Released in the fall of 2020, DJI’s Osmo Pocket 2 comes to market, boasting several key improvements over its predecessor, the original Osmo Pocket released two years prior. And on paper, it delivers a larger sensor, 8x digital zoom, larger field of view, better slow-motion, and superior directional microphones. Together, these features give creators more versatility.
It’s predecessor, the original Osmo pocket, initially popularized the pocket-size camera and gimbal combination. And it was the initial release to revolutionize this segment during the time, as it brought about high-level gimbal stabilization to the mass market.
DJI aims this unique device at GoPro’s Hero 9 and Fimi’s Palm. And they also market it towards content creators looking for a powerful pocket-sized solution and a smartphone replacement. But one that offers superior quality and stabilization in an ultra-lightweight form factor. But, considering things have changed, how does this new model compete in an ever-increasingly dominated smartphone world? Let’s find out.
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- What are some of the goods, bads, and uglies of the DJI Osmo Pocket II?
- Image Quality
- Low Light Performance
- Focusing Performance
- Battery Performance
- Display & Viewfinder
- User Interface
- Physical Layout & Ergonomics
- Niche Features/Extras
- Video Capabilities
- Autofocus Performance
- Battery Life
- Lacking Features
- Is this a good beginner camera?
- Is this a good camera for you?
What are some of the goods, bads, and uglies of the DJI Osmo Pocket II?
It features a brand new 1/1.7-inch Quad Bayer CMOS sensor mounted to a 3-axis mechanical gimbal. And this larger sensor is backed with an updated 20mm 93º FOV lens, which is a noticeable but modest improvement over the outgoing 26mm 80º FOV lens. But, this change does correct a notable drawback of the original model. And while some users will claim that 20mm isn’t wide enough for some vlogging applications, the reality is that this is a healthy compromise from DJI to accommodate most users without making the FOV overly wide and action camera-like. Additionally, this lens now has a faster maximum aperture of F/1.8, rather than F/2.0, which modestly improves low light.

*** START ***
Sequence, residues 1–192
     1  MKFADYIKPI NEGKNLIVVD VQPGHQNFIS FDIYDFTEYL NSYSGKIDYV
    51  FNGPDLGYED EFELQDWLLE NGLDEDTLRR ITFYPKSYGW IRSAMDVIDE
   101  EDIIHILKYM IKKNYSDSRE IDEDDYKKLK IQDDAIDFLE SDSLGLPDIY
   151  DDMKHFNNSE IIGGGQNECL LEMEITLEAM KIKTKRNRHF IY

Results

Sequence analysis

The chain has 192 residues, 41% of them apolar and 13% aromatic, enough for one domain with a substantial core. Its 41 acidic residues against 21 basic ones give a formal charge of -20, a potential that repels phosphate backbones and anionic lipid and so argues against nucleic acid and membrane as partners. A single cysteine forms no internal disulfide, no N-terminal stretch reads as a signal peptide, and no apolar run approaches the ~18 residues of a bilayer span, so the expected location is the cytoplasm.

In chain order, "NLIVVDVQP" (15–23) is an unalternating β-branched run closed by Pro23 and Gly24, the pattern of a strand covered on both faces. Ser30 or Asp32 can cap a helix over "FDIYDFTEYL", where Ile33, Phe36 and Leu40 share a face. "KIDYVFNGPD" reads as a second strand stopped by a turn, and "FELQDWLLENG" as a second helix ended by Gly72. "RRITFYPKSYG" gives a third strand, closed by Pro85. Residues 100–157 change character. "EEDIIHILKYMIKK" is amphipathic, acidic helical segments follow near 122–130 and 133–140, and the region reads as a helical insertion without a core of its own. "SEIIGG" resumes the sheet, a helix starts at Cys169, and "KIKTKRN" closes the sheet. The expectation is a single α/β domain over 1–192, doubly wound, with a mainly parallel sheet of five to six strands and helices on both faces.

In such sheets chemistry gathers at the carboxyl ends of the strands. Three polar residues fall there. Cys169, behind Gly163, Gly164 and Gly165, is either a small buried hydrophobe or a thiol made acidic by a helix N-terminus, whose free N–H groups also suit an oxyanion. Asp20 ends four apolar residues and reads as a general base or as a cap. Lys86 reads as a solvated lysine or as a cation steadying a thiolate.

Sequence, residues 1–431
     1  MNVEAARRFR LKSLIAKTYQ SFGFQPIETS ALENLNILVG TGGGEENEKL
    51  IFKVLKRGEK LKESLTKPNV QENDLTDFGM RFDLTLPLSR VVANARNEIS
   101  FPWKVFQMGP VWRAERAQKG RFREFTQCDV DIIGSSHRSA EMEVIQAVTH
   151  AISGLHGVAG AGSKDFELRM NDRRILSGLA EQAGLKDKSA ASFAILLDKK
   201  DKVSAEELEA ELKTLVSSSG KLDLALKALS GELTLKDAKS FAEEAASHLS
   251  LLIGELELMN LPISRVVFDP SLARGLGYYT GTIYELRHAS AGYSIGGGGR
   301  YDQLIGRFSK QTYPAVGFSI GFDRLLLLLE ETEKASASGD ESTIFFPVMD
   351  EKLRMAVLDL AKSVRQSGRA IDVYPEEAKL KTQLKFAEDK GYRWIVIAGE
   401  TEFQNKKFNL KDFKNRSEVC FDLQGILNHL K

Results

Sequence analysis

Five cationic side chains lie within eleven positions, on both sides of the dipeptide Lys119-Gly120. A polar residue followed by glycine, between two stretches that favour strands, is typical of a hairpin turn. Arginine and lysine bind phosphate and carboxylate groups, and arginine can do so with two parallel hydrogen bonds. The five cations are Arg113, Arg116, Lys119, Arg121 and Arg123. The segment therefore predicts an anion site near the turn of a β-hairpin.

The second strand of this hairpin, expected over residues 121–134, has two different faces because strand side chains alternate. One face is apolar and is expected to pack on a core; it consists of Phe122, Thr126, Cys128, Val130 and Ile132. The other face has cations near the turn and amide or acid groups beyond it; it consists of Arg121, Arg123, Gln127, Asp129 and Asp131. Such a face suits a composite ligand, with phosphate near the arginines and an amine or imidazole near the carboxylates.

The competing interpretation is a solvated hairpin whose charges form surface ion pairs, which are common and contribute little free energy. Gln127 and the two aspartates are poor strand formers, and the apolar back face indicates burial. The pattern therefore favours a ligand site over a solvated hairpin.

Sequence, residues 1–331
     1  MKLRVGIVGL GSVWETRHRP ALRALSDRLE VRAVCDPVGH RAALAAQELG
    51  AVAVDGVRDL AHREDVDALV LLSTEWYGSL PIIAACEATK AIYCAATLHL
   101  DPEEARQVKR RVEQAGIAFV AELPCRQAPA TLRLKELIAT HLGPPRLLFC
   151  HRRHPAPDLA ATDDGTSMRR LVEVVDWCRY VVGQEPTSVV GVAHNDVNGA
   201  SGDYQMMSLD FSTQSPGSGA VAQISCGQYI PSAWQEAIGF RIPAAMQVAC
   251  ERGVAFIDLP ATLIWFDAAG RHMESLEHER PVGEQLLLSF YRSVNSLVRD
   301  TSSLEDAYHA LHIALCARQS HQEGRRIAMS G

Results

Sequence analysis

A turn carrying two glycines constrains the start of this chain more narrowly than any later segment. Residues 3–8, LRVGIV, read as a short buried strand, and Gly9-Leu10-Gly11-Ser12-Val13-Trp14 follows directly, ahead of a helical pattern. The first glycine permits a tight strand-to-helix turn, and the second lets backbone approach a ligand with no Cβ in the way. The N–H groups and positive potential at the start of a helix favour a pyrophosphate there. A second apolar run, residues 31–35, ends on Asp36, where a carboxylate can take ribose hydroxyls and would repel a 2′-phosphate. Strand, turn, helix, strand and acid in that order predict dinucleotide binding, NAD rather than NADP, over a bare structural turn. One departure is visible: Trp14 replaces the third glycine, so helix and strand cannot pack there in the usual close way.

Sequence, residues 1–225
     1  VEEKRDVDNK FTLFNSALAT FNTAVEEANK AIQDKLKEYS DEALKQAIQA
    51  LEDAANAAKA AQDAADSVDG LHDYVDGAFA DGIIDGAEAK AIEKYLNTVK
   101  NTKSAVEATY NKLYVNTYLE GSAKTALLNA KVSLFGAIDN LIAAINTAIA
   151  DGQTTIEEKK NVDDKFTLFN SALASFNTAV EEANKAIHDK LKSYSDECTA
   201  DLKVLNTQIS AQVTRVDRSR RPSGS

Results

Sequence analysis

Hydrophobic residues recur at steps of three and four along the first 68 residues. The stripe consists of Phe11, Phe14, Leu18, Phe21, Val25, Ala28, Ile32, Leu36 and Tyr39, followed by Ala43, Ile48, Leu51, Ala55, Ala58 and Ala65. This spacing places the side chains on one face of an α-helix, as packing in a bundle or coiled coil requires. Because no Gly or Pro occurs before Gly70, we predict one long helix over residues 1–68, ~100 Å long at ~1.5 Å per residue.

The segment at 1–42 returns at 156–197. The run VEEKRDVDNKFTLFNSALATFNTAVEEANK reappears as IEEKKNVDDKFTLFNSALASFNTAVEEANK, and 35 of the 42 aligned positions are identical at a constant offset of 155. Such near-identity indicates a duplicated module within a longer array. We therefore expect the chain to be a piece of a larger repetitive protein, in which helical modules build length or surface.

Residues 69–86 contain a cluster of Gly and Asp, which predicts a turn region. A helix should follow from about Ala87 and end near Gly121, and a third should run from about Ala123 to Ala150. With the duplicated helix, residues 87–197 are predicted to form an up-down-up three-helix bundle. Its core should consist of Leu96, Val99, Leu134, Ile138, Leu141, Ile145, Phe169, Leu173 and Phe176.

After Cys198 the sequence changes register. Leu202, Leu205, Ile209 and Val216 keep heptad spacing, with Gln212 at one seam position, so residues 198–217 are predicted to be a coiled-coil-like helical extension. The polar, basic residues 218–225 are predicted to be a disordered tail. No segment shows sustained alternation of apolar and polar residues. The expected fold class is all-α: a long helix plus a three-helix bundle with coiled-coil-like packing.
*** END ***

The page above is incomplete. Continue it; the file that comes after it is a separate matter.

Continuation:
The camera itself shoots 4K UHD 60p at 100 Mbps, 2.7K 60p, and 1080p up to 240p for 8x slow motion, rather than only 120p. And it shoots videos to the MP4 or MOV formats with H.264 compression. The larger sensor, faster lens, and updated software algorithms have greatly improved image quality. It’s also important to note here, DJI’s overhauled how videos are recorded. And they now record with a data rate of 100 Mbps, which offers more room for adjustments before losing quality.
Overall, the video functionality has improved over the original model. The higher-end bit rate gives users more flexibility in post-processing. And now gone are the compression artifacts that plagued the original model. Sure, the footage itself is comparable to most current high-end smartphones. However, it remains well suited for semi-professional applications.
Videos have excellent dynamic range, even in highly contrasting scenes where shadow details remain strong. And the footage offers neutral color rendering without any unnecessary over sharpening. Additionally, the gimbal also does an excellent job stabilizing footage, leaving you to walk freely without working about camera shake or bobbing, especially in the corners. And it never loses the horizon. As it stands, this camera is class-leading in this segment.
It also now offers HDR Video, which records videos at serpents exposure levels and merges the result to increase detail. And you can shoot in either 2.7K or 1080p resolutions.
It also obtains the D-Cinelike profile, which records videos to a flat and neutral gamma, increasing dynamic range and post-processing flexibility.
For stills, this camera now shoots 16MP still images, rather than 12MP. And it even has an in-camera Ultra High-Pixel option, which renders 64MP equivalent images. Plus, it shoots to both the JPG and DNG RAW format. Otherwise, it still has a maximum electronic shutter of 1/8000, giving you plenty of freedom when shooting outdoors without using an external ND filter.
It also has built-in Panorama, which captures 180º for an ultra-wide-angle view in addition to 3 x 3 square. And it stitches these results in-camera, which works brilliantly.
Low Light Performance